Balance tests were also conducted for agency size (count variable) and agency type (categorical variable: non-urban = 0, urban = 1). Our analyses did not detect any significant differences between groups for agency size (M = 90.2, F = 1.878, p > 0.05) or agency type (M = 0.24, F = 1.745, p > 0.05).
To calculate Cohen’s d, or standardized mean difference effect sizes for each of our analyses, we used Wilson’s Practical Meta-Analysis Effect Size Calculator (found here https://campbellcollaboration.org/research-resources/effect-size-calculator.html). Based on Cohen’s (1992) recommendations for interpreting the magnitude of d, 0.2 is interpreted as a small effect, 0.5 is considered a medium effect, and 0.8 is interpreted as a large effect. For our multivariate models, we also present Cohen’s U3 (Cohen 1988) for our training variable, calculated using Magnusson’s (2014) tool for interpreting Cohen’s d effect size (found here https://rpsychologist.com/d3/cohend/). Cohen’s U3 is a formula that calculates the percentage of treatment group members whose scores exceed the mean score of the control group.
To ensure that respondents to our follow-up survey did not differ from the full sample, we conducted balance tests on six demographic variables (gender, age, years in law enforcement, highest level of education, any prior sexual assault training, and number of sexual assault reports investigated in the last year) using t tests. No significant differences were detected, indicating that our follow-up assessment group is comparable to the full sample. These results are available upon request.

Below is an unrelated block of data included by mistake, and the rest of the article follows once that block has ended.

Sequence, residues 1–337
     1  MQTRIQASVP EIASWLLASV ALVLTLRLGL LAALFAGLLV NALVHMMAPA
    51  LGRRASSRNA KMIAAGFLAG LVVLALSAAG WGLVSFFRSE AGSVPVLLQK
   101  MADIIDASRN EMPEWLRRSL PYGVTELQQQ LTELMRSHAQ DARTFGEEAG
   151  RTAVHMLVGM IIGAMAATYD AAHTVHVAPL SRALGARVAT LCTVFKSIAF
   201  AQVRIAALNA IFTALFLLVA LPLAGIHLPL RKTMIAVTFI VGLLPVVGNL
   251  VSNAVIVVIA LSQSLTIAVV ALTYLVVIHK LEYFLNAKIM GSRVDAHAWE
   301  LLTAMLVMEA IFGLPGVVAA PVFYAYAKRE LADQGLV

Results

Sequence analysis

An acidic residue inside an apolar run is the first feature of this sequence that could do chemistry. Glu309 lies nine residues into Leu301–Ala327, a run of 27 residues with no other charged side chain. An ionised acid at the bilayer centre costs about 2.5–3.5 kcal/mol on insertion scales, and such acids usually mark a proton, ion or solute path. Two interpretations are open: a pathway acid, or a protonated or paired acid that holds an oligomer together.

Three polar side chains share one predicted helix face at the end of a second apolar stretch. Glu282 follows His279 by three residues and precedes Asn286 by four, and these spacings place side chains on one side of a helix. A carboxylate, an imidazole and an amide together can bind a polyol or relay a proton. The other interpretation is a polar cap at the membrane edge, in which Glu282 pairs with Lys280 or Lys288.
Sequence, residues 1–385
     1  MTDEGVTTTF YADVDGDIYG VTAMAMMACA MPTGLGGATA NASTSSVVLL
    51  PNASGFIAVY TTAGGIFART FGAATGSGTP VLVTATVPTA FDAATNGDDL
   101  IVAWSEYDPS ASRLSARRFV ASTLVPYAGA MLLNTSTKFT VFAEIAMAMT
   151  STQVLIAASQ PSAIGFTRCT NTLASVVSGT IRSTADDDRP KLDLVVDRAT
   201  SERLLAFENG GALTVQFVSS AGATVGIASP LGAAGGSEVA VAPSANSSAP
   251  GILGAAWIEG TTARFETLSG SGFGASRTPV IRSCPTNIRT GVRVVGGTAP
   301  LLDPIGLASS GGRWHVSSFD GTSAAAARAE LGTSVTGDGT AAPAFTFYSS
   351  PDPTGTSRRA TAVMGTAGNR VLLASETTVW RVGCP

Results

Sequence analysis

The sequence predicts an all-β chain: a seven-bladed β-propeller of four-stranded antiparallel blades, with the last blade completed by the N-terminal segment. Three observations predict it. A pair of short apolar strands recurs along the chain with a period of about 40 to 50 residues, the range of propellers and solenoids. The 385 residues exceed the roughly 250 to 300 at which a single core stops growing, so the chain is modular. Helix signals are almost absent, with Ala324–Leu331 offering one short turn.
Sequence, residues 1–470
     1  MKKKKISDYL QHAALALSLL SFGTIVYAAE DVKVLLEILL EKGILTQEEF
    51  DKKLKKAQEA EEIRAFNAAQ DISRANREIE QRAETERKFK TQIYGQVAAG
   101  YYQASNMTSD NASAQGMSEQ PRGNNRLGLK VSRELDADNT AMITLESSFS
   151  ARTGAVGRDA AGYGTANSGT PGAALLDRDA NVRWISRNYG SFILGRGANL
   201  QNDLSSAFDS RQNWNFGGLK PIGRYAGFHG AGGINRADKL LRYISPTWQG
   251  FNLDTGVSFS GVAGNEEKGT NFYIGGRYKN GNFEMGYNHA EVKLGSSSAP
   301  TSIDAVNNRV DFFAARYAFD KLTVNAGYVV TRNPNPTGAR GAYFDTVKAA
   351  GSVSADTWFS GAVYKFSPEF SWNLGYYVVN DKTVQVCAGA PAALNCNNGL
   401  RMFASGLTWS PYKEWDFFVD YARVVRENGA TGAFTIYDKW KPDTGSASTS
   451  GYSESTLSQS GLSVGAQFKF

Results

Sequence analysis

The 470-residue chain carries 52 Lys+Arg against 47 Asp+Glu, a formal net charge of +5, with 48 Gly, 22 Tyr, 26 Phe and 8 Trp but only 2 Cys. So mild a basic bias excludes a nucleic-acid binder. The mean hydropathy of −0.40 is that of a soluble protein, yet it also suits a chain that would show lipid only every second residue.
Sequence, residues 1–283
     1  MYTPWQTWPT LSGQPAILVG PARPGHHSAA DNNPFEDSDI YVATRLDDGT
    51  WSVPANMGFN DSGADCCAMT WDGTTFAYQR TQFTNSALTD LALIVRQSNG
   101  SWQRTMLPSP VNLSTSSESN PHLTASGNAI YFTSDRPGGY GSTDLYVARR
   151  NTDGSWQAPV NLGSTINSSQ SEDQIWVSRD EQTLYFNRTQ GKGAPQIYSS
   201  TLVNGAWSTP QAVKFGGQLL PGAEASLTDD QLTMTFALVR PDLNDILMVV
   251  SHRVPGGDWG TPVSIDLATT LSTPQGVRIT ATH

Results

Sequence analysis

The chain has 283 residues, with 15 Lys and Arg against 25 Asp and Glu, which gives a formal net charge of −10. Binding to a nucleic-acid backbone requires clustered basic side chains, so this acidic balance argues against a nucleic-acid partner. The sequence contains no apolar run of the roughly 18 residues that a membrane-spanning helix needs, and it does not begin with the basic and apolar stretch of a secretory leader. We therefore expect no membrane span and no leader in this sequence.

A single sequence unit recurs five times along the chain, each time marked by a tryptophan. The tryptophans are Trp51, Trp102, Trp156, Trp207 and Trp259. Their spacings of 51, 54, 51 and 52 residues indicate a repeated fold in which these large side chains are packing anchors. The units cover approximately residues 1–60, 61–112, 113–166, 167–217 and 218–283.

Scale reliability for each of the dependent variables remained strong in the follow-up data. Reliability and eigenvalues for each dependent variable in the follow-up sample were: (1) IRMA-SF: Chronbach’s alpha = 0.763, Eigenvalue = 3.714; (2) KY LAWs: Chronbach’s alpha = 0.478, Eigenvalue = 1.315; and (3) KTIP: Chronbach’s alpha = 0.724, Eigenvalue = 2.280.
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The authors would like to thank James Root, Instructor for the KYDOCJT’s Sexual Assault Investigations course, for his input and assistance facilitating this evaluation. The authors also thank Frank Kubala and John Schwartz from the KYDOCJT, Eileen Recktenwald from the KASAP, and Gretchen Hunt from the KY OAG for their helpful insights on the survey instrument. Finally, the authors thank the officers in the KYDOCJT training program for their participation in this study.
This project was financially supported by the KY Office of the Attorney General (Award No. PON2 040 17000010472) and the US Department of Justice’s Bureau of Justice Assistance Sexual Assault Kit Initiative (Award No. 2017-AK-BX-0009).
Conflict of interest
The authors declare that they have no conflict of interest.
This project was approved by the University of Louisville’s Institutional Review Board.
Informed consent was obtained from all participants included in this study.
The opinions, findings, and conclusions or recommendations expressed in this publication are those of the authors and do not necessarily reflect those of the KY Office of the Attorney General or the US Department of Justice.
Springer Nature remains neutral with regard to jurisdictional claims in published maps and institutional affiliations.